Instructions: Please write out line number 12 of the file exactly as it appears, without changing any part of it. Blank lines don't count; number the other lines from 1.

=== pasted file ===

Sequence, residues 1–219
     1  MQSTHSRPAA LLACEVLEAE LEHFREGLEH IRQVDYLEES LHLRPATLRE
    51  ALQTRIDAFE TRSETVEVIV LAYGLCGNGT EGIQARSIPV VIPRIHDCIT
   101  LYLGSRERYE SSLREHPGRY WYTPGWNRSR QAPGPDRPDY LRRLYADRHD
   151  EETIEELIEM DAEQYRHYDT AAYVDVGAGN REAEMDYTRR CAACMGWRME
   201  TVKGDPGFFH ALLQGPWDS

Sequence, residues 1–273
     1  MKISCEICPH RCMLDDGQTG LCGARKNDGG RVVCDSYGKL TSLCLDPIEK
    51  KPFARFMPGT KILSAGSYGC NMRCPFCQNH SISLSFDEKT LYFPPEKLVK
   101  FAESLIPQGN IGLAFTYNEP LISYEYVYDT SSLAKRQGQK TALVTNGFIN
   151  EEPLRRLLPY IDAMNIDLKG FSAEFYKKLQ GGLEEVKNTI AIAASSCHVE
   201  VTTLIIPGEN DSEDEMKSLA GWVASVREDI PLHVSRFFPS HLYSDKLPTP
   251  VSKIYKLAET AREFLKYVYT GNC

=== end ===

   201  VTTLIIPGEN DSEDEMKSLA GWVASVREDI PLHVSRFFPS HLYSDKLPTP